Winter is by no means over here on the high fells.
After a few minutes it was clear again and we were on the way to the summit cairn.
Dressed for the fells.
Neil is wearing full windproof / waterproof gear and gloves
but the snow was no problem, so in fact all that was needed was protection from the former (wind) not the latter (water).
I waited a few moments till everyone else had started down from the top to catch a summit photo.
Perhaps I hung about too long . . . where have they all gone ?
Still the way ahead is clear . . . down to Long Green Crag and then on to Slight Side below.
Looking over the edge . . . into what I remember was an extremely keen wind . . I looked down on Foxes Tarn.
The well used (and eroded) path down can be seen. The small Foxes Tarn is made even smaller by the big boulder sitting in it.
The views today were superb in the crystal clear air.
Ann and Jo above the snow line as we descend to Long Green.
Bowfell and Crinkle Crags
as we pass a small party of walkers making their way up.
Long Green is that long green, grassy bit of level ground between here and the next rise.
There was a party of four Scottish walkers just emerging from Green Cove. You can just see the first one crossing the snow.
They were enjoying a big walk, having started their day somewhere near Brotherilkeld in Eskdale.
Burnmoor Tarn from Long Green . . . or at this time of year, long slightly-brown.
Distant but clear views of another tarn and the boathouse at Devoke Water.
Slight Side ahead with Green Crag (Eskdale) ahead.
Beyond it is Dunnerdale and the sea at Duddon Estuary, part of the wider Morecambe Bay.
The central Fells were always the subject of changing weather though we managed to stay in the sunshine for most of the day.
(Note the extra layers and thick winter gloves currently brought into use)
The residual snow cornice leading up to Long Green summit.
Fine views of Scafell looking back.
In fact there were fine views all round . . . so another wide photo was the order of the day.
Wild, remote, quiet, wilderness . . . all words suitable in any description of Upper Eskdale which was spread out far below us.
Zooming in on the valley just downstream of Sampson's Stones.
We swam (or rather took a dip) in that part of the river many summers ago.
In fact it was 2006 [ hold your cursor over the picture to check . . . click the image to view that walk ] - - - ^
Full wrapped up today . . . Ann and I have our camera 'borrowed' for a photo.
Tables turned . . . Amber, Jo and Maggie, two of the three ladies in matching outfits !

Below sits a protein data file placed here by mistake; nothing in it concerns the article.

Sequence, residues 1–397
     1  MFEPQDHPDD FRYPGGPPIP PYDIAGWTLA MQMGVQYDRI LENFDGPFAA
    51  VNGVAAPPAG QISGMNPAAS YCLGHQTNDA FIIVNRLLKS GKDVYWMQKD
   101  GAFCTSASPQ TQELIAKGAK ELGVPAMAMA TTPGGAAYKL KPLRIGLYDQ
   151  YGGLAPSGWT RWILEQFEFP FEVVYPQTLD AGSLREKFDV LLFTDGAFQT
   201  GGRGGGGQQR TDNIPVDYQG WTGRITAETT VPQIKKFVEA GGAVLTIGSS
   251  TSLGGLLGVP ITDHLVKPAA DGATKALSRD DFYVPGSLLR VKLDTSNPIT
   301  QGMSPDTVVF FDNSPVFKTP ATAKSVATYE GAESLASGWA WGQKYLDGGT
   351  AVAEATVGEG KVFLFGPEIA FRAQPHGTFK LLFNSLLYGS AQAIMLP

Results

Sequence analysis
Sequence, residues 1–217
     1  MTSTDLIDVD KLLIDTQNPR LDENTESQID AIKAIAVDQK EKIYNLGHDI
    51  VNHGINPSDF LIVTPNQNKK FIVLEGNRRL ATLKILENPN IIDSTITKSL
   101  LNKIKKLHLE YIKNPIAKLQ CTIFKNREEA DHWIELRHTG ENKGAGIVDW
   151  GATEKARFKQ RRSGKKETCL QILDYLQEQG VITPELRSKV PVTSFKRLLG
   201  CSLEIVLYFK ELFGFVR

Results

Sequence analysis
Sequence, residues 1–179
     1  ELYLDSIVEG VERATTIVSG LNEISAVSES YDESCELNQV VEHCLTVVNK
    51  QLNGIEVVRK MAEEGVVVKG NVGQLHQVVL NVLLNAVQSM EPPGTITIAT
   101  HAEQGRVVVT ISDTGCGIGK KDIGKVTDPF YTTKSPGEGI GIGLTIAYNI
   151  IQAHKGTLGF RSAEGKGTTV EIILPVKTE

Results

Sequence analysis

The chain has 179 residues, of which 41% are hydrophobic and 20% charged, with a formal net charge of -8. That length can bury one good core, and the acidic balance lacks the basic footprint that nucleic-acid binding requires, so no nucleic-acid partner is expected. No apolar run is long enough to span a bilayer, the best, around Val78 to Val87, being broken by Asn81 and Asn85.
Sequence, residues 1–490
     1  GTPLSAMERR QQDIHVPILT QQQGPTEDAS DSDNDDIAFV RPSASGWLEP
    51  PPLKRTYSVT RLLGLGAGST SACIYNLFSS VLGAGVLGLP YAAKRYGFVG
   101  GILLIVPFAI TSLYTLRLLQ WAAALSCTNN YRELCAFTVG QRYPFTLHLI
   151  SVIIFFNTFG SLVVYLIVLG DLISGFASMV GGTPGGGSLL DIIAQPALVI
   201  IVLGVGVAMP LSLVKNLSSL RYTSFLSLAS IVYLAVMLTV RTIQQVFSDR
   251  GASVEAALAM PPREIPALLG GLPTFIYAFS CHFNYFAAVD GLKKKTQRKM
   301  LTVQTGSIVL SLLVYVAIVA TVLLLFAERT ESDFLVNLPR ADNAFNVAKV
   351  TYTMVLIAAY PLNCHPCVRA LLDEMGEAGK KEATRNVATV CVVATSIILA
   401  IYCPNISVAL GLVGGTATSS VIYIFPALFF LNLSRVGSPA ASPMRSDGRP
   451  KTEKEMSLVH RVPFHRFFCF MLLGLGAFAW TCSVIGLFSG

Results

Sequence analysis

Jo in charge of the camera again as we relax on (sprawl across) the summit of Slight Side.
It's time to be off but someone's dozing . . . hold your cursor over the picture to give them a nudge.
- - - o o o - - -
On the way down we kept a look-out for the site of the memorial to two airmen who died in one of many war-time air crashes on the fells.
We nearly missed it because it was much higher up the fell than we thought.
Ann saw a small cross so we climbed back up to view the site.
No further explanation necessary.
The twisted crank shaft and pistons from the one of the engines.
These are the strongest parts of the engine so to be twisted to such an extend brought home the severity of the crash.
Ann descends the grassy slope from the wreck site on the skyline.
The summit of Slight Side is the rocky outcrop to the right.
Maggie contemplates the descent of Broad Tongue.
If your leading Maggie . . . just try and avoid the boggy bits !
Burnmoor glistens in the afternoon sunshine.
One more river to cross . . .
Hardrigg Gill has cut a surprisingly deep little ravine which we were able to cross a little lower down.
The view back from the sheepfold.
Hardrigg Gill is just behind, the delightfully named Oliver Gill beyond,
and Eskdale Fell / Great How form the final backdrop to the photo.
Over the top and down the other side . . . back to the Brackenclose path.
Beautiful evening light as the sun starts to drop lower in the western sky.
The strong sunlight highlights the crags of Great Gable
Our party now back up to strength, we adjourned to Nether Wasdale and The Screes Hotel for a delightful pub meal to end the day.
- - - o o o - - -
Technical note: Pictures taken with either Ann's Fuji Finepix Compact or my Canon G10/1100D camera.
Resized in Photoshop, and built up on a Dreamweaver web builder.
This site best viewed with . . . dog food in the car so we didn't have to rush home.
Previous walk - 12th April 2012 Blencathra via Roughten Gill
A previous time up here - 3rd August 2006 A classic day on Scafell and Slight Side
Next event - 22nd April 2012 Maryport and the Titanic Exhibition